Laura Miller has a great article called Spamazon at Salon.com, which explains how e-book spam is clogging the Kindle. I was toying with the idea of getting an e-book reader, maybe for Christmas, but this new development is enough to put me right off of it.
It seems that these e-book spam operators are repurchasing cheap content, or are stealing the content outright, and posting them on the Kindle store as 99-cent e-books. Even worse, the same content may be repackaged into several different e-books with slightly different titles or publisher names. Often, this content is the product of content farms like eHow.com, and therefore not even worth almost a buck to buy, but the low price may lead to impulse purchases.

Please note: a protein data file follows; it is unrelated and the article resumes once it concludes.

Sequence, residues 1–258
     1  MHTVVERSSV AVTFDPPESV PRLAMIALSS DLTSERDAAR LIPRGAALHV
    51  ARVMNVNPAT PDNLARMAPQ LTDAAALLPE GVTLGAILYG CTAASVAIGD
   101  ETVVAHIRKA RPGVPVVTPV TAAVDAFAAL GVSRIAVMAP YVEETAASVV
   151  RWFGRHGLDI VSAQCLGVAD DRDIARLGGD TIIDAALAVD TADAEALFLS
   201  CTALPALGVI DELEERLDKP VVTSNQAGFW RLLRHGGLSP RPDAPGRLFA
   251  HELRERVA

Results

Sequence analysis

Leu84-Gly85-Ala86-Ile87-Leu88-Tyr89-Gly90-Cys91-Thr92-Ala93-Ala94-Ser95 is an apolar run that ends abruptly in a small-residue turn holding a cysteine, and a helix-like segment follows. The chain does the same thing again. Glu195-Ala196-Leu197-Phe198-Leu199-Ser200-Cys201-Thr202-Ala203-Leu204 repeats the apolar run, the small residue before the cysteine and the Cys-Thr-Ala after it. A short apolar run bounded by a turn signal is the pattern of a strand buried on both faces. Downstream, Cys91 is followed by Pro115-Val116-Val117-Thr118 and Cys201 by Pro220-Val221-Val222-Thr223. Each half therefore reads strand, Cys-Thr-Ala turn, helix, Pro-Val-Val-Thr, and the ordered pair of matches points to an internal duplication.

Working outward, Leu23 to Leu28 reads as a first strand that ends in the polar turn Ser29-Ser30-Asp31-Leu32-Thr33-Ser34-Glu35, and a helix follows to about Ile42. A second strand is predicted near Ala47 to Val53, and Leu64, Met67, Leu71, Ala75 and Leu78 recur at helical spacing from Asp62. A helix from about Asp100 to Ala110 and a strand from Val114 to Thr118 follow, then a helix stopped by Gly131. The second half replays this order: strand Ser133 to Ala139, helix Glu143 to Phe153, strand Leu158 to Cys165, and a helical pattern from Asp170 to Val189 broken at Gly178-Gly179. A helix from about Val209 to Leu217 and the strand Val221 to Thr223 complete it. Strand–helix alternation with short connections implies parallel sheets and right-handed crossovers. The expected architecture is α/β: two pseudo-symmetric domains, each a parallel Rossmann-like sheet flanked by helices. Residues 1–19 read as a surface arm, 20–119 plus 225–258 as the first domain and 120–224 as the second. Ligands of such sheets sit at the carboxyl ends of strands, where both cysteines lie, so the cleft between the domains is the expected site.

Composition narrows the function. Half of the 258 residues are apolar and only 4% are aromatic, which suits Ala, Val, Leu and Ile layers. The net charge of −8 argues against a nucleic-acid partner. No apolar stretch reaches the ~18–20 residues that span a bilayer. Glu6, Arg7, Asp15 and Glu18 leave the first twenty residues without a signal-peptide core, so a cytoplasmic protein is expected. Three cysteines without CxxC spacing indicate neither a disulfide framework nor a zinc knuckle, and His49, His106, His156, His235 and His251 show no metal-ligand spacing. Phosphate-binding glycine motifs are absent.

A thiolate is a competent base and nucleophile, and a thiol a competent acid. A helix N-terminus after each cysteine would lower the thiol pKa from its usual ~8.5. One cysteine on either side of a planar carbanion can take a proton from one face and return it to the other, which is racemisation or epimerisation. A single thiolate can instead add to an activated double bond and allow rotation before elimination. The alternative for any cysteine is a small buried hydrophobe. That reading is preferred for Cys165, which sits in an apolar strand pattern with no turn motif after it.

All this spam should make it hard for readers to find legitimate books worthy of spending their money on, which makes self-publishing e-books a dicey proposition. It will probably disillusion many readers, like me, from even considering purchasing e-books. And of course, writers are getting ripped off again, as they find plagiarized versions of their content bobbing in the spam soup.
I have to wonder why people are so quick to fill everything up with garbage. Amazon doesn’t seem willing to clean up its own store. Until it does, though, I won’t be investing in a Kindle.